Daft Punk & Leiji Matsumoto's Interstella 5555: The 5tory of the 5ecret 5tar 5ystem (2003)
News & Interviews for Daft Punk & Leiji Matsumoto's Interstella 5555: The 5tory of the 5ecret 5tar 5ystem
Critic Reviews for Daft Punk & Leiji Matsumoto's Interstella 5555: The 5tory of the 5ecret 5tar 5ystem
A futurist Fantasia that incidentally beats the pants off of Disney's own Fantasia 2000.
To anyone who digs anime or Daft Punk's flavor of dance beat ... it could easily be a dazzling delight.
This is a film you go to for the pretty pictures, for the neon and the quirky shapes, for the mix of 80s retro style with the fashions of today.
Just when it starts looking cheap and cheerful there's a whizzy sequence that takes our breath away.
Audience Reviews for Daft Punk & Leiji Matsumoto's Interstella 5555: The 5tory of the 5ecret 5tar 5ystem
Interstella 5555 is a rewarding fantasy that is delightfully imaginative. The story is a dialogue-free production. Relying simply on observable cues and music with minimal sound effects can somewhat limit its appeal to the casual viewer. Although it lacks the adult themes typical of anime (it is unrated), I suspect the fuzzy narrative will be a bit esoteric for young viewers. It's hard for an adult to understand what is happening at times. Another quibble is that the 4:3 aspect ratio is better suited to an antiquated TV screen than the widescreen standard of today. Yet as a completely wordless experience, the hypnotic visual complement to Daft Punk's music is a rather original concept. I really enjoyed the 70s disco aesthetic. It's dated in a joyfully modern approach.
I’ve always been a fan of Daft Punk, from the first time I caught the music video for Da Funk on TV. Spike Jonze created a totally surreal video that manages to tell a story at the same time. After that, their next big hit was Around The World, this time directed by Michel Gondry. So when I saw Daft Punk’s retro anime videos for songs off their Discovery album, I was pleasantly surprised to see them going in an all new, yet still perfectly matched direction. It was clear from the videos that there was a larger story to be told, and with the release of Interstella 5555 it was clear that they decided to do something extraordinary, and perhaps unprecedented in the world of music videos. The videos were actually just clips from a longer film they wrote, brought to life with the help of famed Japanese anime director Leji Matsumoto (Galaxy Express 999, Captain Harlock). If you’ve ever heard the songs on Discovery, you already know that it’s a great album in its own right, but mixing this retro anime style movie with the music takes it to a new level. Interstella 5555 fills in the gaps, creating one long music video for every song on the album. There is no dialog, but the images speak for themselves, and it’s cool to see what happens in the full story. If you managed to catch some of the videos on TV you were probably intrigued to find out what is going on and the movie makes it all clear. You’ll get to know the characters, see a few in-jokes, and enjoy the music style that Daft Punk is known for. The film runs 68 enthralling minutes and is totally worth checking out if you’re into Daft Punk or anime. Just sit back, relax, put your headphones on, and go off on an intergalactic trip of epic proportions. This review is a repost from my site: www.plasticpals.com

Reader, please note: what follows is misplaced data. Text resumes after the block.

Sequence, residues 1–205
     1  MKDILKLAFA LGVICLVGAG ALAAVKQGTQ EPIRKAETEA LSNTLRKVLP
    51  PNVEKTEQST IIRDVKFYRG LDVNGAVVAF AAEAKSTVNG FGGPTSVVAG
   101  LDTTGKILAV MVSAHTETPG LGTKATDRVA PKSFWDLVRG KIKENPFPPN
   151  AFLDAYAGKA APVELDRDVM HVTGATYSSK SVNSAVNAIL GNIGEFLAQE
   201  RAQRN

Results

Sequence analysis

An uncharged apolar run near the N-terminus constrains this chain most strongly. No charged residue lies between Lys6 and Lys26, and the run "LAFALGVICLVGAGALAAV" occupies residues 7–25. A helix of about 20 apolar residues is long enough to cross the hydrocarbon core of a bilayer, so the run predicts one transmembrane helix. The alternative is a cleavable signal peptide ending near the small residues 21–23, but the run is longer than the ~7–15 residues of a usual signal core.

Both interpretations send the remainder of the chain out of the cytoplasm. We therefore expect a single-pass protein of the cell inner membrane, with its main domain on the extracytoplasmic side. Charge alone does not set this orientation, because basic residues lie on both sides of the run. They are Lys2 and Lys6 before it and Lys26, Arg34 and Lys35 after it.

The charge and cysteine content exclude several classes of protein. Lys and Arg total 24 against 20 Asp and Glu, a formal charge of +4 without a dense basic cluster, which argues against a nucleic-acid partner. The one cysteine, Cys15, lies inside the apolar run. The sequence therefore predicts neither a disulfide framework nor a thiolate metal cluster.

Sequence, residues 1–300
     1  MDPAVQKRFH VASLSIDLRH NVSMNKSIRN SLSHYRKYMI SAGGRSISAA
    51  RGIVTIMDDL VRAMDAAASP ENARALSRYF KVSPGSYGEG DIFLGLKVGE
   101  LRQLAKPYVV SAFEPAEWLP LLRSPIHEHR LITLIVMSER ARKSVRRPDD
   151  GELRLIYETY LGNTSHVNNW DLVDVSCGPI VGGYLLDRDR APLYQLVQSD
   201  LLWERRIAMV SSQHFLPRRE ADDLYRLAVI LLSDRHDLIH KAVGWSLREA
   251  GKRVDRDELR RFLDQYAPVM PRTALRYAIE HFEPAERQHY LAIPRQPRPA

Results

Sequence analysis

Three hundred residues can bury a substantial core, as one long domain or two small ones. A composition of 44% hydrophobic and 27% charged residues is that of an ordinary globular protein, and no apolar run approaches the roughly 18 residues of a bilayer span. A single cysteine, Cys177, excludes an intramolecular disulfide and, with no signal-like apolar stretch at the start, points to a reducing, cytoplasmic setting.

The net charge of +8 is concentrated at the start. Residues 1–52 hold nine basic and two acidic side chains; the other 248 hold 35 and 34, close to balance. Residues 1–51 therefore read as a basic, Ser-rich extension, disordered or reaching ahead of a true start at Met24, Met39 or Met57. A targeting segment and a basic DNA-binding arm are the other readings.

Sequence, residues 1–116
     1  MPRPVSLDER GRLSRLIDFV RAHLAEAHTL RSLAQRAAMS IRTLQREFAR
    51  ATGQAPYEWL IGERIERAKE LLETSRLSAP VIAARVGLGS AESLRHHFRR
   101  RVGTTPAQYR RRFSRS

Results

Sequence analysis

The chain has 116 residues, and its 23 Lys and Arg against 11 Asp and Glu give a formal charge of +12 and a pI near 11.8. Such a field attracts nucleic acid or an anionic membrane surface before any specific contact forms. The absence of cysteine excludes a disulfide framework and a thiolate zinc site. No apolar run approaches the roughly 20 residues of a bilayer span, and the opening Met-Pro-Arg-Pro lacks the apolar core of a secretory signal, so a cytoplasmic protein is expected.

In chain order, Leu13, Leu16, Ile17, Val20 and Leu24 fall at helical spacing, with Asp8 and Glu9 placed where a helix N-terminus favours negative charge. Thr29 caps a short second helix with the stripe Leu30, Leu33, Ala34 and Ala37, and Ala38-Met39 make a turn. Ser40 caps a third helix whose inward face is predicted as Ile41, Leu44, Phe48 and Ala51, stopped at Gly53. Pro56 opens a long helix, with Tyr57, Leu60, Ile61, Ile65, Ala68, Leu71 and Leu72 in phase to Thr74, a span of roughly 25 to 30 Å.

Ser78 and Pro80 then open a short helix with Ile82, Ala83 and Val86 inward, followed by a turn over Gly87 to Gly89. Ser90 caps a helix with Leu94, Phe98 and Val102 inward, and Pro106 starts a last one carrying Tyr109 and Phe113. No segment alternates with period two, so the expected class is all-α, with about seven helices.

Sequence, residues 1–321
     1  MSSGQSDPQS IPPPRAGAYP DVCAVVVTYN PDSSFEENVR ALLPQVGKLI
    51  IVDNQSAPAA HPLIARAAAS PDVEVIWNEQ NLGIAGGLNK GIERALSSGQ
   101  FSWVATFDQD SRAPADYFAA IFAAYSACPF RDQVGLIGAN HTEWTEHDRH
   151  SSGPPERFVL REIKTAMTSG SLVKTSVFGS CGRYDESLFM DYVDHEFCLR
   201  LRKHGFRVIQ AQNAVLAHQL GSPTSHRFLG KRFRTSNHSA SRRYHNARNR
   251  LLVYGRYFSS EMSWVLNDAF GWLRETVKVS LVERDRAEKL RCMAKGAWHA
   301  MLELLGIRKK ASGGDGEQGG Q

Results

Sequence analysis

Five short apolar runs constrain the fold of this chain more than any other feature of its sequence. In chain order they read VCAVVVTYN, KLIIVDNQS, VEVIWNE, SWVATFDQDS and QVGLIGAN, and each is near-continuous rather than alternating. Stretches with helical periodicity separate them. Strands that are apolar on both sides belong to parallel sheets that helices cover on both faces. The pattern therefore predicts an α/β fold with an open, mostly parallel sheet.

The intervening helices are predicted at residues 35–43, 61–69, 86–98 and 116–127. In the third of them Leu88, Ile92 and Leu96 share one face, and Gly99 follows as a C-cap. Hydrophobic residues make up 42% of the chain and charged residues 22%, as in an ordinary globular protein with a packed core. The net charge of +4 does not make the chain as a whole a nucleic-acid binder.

This is the direction that live techno/house/etc clubs need to take - synching narrative visuals to a music mix. On top of this film's artistic accomplishment, the story is interesting and original, and the mix is superior indeed (it's Daft Punk, what do you expect?). This is not a true musical as it is exclusively music throughout (most without lyrics), and it cannot be properly compared to other group's attempts at concept movies (like Tommy). Still, it's the only "rock opera" that can hold your attention (if you like dance/electronica/etc).
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